Some things, science just can’t explain. How could an explosion 1000 times the size of the bomb dropped on Hiroshima not take any human lives? How did the fumes emitted by a living human cause more than twenty people to become ill? And why is there a bridge in Scotland that compels dogs to throw themselves off it?
We look into some of the strangest mysteries ever to be documented on this Earth.
The Tunguska Event
In the early morning of June 30, 1908, a huge explosion 1,000 times more powerful than the atomic bomb dropped on Hiroshima flattened 2000 square kilometres of forest in the sparsely populated Siberian Taiga. Astoundingly, there were no known human casualties from the event.
Evenki natives and Russian settlers played witness to an intense blue light, almost as bright as the sun, moving across the sky. It was almost ten minutes later that there was a flash and a huge sound, accompanied by a shock wave that broke windows and knocked people off their feet even hundreds of kilometres away.
The explosion was registered across Eurasia, but even more astoundingly, the event caused the skies to glow over the next few nights — a phenomenon visible from across Europe and Asia. Interestingly, a very similar glowing-sky event was reproduced later in the century by space shuttle launches. The following comes from an eyewitness account of the event:
At breakfast time I was sitting by the house at Vanavara Trading Post, facing north…I suddenly saw that directly to the north…the sky split in two and fire appeared high and wide over the forest. The split in the sky grew larger, and the entire northern side was covered with fire. At that moment I became so hot that I couldn’t bear it, as if my shirt was on fire; from the northern side, where the fire was, came strong heat. I wanted to tear off my shirt and throw it down, but then the sky shut closed, and a strong thump sounded, and I was thrown a few metres. I lost my senses for a moment, but then my wife ran out and led me to the house. After that such noise came, as if rocks were falling or cannons were firing.
While the Tunguska event is technically classified as an impact event, no trace of meteoric impact has ever been found. No object was ever detected approaching the Earth, either. Other theories propose that the object could have been a comet — composed of ice rather than rock — that disintegrated as it entered the atmosphere.
The most scientifically accepted explanation is that of an air burst from an asteroid or comet, or even an explosion caused by the ignition of natural gas from within the earth’s crust. However no one has ever been able to confirm the cause of the huge explosion. With an event like this, conspiracies are bound to crop up.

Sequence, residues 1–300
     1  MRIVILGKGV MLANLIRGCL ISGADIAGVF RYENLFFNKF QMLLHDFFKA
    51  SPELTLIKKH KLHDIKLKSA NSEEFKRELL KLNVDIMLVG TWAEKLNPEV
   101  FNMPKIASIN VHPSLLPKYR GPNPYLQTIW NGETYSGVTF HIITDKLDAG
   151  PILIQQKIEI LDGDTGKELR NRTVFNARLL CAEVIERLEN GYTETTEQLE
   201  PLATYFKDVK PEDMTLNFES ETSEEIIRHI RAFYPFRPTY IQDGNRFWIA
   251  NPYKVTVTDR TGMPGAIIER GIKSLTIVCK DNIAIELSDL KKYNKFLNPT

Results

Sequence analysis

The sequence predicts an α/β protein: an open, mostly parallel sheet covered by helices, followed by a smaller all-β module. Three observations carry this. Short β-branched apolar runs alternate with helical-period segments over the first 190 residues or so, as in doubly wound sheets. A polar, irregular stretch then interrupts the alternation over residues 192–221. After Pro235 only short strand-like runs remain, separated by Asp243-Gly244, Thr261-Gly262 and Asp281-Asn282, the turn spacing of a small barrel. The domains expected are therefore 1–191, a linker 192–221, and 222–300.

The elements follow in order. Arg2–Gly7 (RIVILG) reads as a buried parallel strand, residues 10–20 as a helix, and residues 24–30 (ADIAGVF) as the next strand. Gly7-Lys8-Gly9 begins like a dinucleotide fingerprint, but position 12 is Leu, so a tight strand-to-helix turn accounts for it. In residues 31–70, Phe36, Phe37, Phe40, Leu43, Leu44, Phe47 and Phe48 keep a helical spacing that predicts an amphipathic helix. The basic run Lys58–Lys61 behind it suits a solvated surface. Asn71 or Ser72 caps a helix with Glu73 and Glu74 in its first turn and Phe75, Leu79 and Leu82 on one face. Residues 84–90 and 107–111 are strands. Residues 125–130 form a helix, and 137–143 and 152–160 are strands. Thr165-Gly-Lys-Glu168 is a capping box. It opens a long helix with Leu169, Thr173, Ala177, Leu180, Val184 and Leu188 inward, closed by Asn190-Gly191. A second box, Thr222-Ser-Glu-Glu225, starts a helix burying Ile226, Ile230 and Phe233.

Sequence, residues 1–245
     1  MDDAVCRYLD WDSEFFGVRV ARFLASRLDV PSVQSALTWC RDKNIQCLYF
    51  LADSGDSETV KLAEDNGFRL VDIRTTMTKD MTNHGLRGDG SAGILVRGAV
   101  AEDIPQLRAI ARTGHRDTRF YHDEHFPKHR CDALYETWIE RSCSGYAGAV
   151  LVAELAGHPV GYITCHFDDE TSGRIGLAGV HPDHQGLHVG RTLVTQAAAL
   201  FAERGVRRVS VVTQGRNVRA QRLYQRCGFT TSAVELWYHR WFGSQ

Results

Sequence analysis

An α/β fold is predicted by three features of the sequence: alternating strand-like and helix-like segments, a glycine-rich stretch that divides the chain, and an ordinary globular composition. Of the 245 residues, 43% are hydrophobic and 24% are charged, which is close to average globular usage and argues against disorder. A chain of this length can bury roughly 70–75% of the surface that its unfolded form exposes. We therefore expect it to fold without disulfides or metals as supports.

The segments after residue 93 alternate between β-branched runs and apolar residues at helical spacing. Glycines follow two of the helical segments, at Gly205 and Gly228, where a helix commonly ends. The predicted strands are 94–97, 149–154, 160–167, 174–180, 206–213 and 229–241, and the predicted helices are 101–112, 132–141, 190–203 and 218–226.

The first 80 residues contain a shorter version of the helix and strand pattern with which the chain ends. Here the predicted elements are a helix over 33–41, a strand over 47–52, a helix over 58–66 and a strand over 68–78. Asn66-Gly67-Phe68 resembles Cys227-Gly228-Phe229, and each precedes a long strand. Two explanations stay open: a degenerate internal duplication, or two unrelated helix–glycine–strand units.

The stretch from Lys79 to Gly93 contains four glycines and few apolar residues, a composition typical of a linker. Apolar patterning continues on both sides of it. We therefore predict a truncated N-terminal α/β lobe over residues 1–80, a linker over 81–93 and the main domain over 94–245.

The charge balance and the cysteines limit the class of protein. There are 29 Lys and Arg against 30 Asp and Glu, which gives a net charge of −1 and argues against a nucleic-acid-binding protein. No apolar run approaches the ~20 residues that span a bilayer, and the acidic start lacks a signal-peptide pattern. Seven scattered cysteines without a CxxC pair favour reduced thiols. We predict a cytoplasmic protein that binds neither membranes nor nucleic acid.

Alternate explanations range from alien visitors to supernatural events — some have even hypothesised that a miniature black hole impacted the earth. Considering the similarities between Tunguska and much later space shuttle launches, the UFO theory is the most popular alternate explanation.
Also unusual is the extreme remoteness of the occurrence. The Tunguska area is essentially uninhabitable for humans, and the huge explosion caused no known casualties – though charred reindeer corpses were found in their hundreds. If this had occurred over a highly populated metropolitan area, it could have razed an entire city and wiped out literally millions of people.
Was the location of the explosion just divine good luck, or is it evidence that the event was planned by intelligent beings, whether human or otherwise?
The Toxic Lady
One night in February 1994, a woman was admitted to the emergency room of Riverside General Hospital suffering the effects of advanced cervical cancer. Something else was wrong, however. The woman had an oily sheen covering her skin, and she had a fruity, garlic-like odor about her. When her blood was drawn, the tube had a vaguely ammonia-like smell.
At this point, attending nurses and medical professionals began to pass out. The first was Susan Kane, the nurse who had drawn blood from the woman. Once she was removed from the room, the medical resident Julie Gorchynski began to feel lightheaded, and she also passed out after leaving the trauma room. A respiratory therapist named Maureen Welch was the third to pass out, at which point the emergency room was evacuated aside from a skeleton crew who remained to look after the toxic woman.
The woman, a housewife named Gloria Ramirez, died after 45 minutes of treatment, but her unusually potent toxicity will live on as one of medicine’s most enduring mysteries. Overall 23 people became ill and 5 were hospitalised, with those who had worked within two feet of Ramirez being at the highest risk.